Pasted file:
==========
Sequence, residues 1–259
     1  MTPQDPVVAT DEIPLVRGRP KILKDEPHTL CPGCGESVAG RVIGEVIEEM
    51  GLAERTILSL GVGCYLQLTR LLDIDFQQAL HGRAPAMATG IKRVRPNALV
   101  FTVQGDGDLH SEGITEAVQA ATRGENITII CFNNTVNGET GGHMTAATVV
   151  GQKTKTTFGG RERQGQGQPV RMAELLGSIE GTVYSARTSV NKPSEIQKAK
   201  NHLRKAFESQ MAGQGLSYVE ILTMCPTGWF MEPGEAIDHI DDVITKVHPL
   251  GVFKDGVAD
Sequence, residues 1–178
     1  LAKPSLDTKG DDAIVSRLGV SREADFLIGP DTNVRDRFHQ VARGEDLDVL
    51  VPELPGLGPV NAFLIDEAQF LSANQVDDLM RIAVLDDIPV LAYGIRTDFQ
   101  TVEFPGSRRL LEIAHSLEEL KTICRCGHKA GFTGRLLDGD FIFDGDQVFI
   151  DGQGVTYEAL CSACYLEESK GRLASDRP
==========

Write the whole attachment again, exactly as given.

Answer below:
Sequence, residues 1–259
     1  MTPQDPVVAT DEIPLVRGRP KILKDEPHTL CPGCGESVAG RVIGEVIEEM
    51  GLAERTILSL GVGCYLQLTR LLDIDFQQAL HGRAPAMATG IKRVRPNALV
   101  FTVQGDGDLH SEGITEAVQA ATRGENITII CFNNTVNGET GGHMTAATVV
   151  GQKTKTTFGG RERQGQGQPV RMAELLGSIE GTVYSARTSV NKPSEIQKAK
   201  NHLRKAFESQ MAGQGLSYVE ILTMCPTGWF MEPGEAIDHI DDVITKVHPL
   251  GVFKDGVAD
Sequence, residues 1–178
     1  LAKPSLDTKG DDAIVSRLGV SREADFLIGP DTNVRDRFHQ VARGEDLDVL
    51  VPELPGLGPV NAFLIDEAQF LSANQVDDLM RIAVLDDIPV LAYGIRTDFQ
   101  TVEFPGSRRL LEIAHSLEEL KTICRCGHKA GFTGRLLDGD FIFDGDQVFI
   151  DGQGVTYEAL CSACYLEESK GRLASDRP